When most people hear the term “experimental music,” they probably think about performance artists and pretentious art music, and they are likely completely turned off from it altogether.
I think this is a shame, because experimental music is a much broader catch-all than a lot of people give it credit for, and I’m sure a lot of people would enjoy it if they gave it a chance.
Really, “experimental music” is an umbrella term for any music that goes beyond the general standards of its respective genre.
Several albums that have become ubiquitous were incredibly experimental for their times: “Sgt. Pepper’s Lonely Hearts Club Band” by The Beatles, “Never Mind the Bollocks…” by The Sex Pistols, “Nevermind” by Nirvana, etc.
These albums helped shape the music landscape for the better, and I think it’s important to realize that the music we consider “experimental” today may become the norm in just a year or two.
As such, I’ve decided to recommend a few albums for people who enjoy listening to different genres, which should serve as a good primer for the more experimental sides of said genres.
For fans of Classical/Jazz: “Glassworks” (1982) by Philip Glass; recommended track: “Rubric”
Philip Glass is primarily associated with his minimalism and his lengthy compositions, particularly those in the opera world.
“Glassworks” was his effort to break into the mainstream with shorter track lengths and more energetic structures. Though the album is only 32 minutes long, it manages to strike a fantastic balance between beautiful and chaotic.
The album opens on a short piano ballad before progressing to a far denser production, with brass, string, and synthesisers taking the lead at different points throughout. Glass managed to produce a record able to appeal to both longtime fans of his earlier chamber works as well as new listeners unfamiliar with his music.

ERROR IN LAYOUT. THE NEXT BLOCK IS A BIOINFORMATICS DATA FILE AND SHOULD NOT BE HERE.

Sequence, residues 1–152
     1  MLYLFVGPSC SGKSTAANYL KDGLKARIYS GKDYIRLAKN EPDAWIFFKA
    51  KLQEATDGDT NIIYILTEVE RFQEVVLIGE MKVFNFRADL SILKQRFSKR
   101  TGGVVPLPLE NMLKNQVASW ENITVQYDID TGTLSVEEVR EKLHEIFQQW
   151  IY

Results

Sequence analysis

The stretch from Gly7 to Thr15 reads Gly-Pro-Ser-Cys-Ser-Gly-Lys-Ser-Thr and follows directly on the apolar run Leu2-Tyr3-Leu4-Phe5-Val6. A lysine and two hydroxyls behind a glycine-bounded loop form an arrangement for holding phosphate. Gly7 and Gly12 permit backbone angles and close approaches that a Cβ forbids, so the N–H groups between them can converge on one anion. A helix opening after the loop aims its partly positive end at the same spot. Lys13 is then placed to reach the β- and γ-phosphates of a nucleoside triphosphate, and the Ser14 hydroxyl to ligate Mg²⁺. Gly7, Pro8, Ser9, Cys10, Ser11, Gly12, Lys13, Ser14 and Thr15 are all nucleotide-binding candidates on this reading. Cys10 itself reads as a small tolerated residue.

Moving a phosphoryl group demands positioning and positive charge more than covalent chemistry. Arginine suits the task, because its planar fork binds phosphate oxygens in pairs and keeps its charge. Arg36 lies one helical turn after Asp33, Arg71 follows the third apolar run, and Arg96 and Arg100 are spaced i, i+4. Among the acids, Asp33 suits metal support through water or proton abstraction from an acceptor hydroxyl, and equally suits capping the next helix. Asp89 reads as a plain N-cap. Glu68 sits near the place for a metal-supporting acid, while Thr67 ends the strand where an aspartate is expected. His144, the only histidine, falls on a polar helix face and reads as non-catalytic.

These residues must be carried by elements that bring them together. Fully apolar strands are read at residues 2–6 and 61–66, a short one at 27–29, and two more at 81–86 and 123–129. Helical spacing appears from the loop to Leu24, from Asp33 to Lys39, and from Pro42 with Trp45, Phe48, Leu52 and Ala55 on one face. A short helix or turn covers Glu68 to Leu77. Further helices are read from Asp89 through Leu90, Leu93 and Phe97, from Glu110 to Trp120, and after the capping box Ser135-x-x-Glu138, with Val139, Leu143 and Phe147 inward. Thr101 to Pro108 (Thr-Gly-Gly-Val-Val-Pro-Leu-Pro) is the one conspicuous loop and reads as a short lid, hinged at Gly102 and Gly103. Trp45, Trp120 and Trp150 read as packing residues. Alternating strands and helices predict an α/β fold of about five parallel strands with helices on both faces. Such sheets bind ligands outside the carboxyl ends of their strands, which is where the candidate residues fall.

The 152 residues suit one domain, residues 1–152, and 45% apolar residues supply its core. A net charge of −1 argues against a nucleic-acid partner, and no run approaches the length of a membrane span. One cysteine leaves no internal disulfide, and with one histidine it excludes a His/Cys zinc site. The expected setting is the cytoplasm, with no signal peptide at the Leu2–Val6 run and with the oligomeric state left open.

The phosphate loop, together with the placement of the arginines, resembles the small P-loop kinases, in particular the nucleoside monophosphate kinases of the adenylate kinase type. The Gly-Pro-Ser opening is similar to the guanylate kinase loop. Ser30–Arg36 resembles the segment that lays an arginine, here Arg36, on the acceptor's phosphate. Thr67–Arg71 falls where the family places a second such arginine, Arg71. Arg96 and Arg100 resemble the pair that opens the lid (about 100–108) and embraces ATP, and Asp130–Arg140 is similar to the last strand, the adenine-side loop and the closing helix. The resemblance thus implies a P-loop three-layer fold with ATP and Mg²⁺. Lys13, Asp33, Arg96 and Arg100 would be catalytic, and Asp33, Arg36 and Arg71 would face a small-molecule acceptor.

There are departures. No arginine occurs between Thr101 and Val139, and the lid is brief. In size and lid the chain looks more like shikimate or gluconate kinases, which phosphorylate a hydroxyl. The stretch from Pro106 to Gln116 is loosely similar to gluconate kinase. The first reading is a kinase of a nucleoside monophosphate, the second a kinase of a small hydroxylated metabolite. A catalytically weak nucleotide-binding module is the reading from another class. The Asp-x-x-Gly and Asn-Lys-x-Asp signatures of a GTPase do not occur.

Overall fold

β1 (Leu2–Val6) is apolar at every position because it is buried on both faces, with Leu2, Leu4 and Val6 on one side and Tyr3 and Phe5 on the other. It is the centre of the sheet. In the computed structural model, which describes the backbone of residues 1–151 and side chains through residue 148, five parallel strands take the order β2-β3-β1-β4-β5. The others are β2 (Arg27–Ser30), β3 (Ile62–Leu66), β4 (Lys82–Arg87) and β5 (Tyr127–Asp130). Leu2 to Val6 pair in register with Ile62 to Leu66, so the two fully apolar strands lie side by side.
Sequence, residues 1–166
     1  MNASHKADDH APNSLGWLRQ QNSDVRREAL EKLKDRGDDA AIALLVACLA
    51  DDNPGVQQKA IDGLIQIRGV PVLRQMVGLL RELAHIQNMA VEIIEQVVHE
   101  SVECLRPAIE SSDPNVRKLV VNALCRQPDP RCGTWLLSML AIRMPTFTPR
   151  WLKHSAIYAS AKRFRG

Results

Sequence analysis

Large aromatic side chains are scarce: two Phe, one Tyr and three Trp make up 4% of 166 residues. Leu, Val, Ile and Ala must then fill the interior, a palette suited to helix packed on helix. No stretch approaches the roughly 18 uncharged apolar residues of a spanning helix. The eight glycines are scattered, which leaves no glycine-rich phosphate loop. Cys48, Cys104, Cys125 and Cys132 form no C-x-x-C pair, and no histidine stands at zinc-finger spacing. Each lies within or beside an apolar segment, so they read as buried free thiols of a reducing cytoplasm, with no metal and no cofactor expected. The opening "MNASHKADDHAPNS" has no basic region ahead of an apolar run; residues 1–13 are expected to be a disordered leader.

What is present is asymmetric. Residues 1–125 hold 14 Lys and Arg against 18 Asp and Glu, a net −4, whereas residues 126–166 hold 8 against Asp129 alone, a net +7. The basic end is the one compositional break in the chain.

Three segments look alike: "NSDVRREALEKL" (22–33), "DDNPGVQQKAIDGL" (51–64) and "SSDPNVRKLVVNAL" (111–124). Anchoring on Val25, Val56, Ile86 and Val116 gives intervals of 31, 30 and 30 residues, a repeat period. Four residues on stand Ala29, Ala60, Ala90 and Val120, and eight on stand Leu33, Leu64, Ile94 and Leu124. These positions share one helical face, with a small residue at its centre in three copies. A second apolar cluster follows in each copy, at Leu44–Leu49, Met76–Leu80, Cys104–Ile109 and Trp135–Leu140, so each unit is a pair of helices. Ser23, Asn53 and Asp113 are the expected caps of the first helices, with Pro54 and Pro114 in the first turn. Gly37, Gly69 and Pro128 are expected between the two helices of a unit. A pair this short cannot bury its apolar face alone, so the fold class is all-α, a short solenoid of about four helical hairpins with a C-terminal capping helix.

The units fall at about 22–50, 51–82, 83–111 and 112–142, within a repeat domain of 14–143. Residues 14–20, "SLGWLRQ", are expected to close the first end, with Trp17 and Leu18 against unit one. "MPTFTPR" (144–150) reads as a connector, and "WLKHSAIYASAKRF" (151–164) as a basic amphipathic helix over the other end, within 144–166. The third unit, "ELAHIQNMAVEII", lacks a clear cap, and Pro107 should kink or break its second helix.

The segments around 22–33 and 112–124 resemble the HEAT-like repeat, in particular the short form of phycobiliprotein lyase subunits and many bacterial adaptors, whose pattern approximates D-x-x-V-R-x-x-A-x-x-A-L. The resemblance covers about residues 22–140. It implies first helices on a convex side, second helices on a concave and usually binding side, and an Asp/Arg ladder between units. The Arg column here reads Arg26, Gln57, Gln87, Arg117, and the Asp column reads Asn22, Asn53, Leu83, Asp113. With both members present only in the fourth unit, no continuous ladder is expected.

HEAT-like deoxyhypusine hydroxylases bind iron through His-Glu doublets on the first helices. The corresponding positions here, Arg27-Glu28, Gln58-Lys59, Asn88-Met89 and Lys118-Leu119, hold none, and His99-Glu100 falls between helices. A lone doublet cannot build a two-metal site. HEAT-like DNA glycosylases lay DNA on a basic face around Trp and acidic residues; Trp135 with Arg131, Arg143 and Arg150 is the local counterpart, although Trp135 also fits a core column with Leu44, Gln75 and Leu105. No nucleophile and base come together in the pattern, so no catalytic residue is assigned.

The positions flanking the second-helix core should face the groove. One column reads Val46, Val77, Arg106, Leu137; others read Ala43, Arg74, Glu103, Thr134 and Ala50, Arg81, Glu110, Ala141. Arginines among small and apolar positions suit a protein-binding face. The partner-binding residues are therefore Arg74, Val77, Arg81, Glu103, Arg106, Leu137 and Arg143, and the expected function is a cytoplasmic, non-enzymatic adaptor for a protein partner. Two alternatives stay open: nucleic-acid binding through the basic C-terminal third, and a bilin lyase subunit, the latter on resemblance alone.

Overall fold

For fans of Hip-Hop: “The Money Store” (2012) by Death Grips; recommended track: “I’ve Seen Footage”
In a time where much of the hip-hop landscape is populated with sparse production and quiet vocals, Death Grips definitely stand out.
With unflinching, shouted verses over aggressive, glitchy beats, “The Money Store” is definitely not an album for the faint of heart, but the way in which vocalist MC Ride manages to toe the line between compelling and off-putting makes the album an exciting listen all the way through.
Opening on the suitably disturbing “Get Got,” the album careens into a wild exploration of the paranoia and expectations associated with living in modern-day society. The momentum of the album is maintained until the end of the very last track, “Hacker,” which finishes the album on a particularly kinetic and disorienting note.
For fans of Electronic: “Kid A” (2000) by Radiohead; recommended track: “Idioteque”
Though Radiohead are already known for their studio experimentation, “Kid A” stands out among a distinguished catalog of music for its heavy implantation of electronic instruments, often resulting in cold, calculated song structures.
This is punctuated by lyrics chosen largely at random, resulting in a disorienting album that still manages to evoke an emotional response from the listener.
Opening with the deceptively titled “Everything In Its Right Place,” “Kid A,” like much of Radiohead’s discography, explores themes of alienation and isolation, but the use of synthesizers and vocal effects results in a tighter package than much of what Radiohead produced before.
The integration of influences like Charles Mingus and Can also results in a far more chaotic but compelling product.
“Kid A” holds the listener in its grasp until the conclusion of the final song, “Motion Picture Soundtrack,” with which the album ends as confusingly as it began.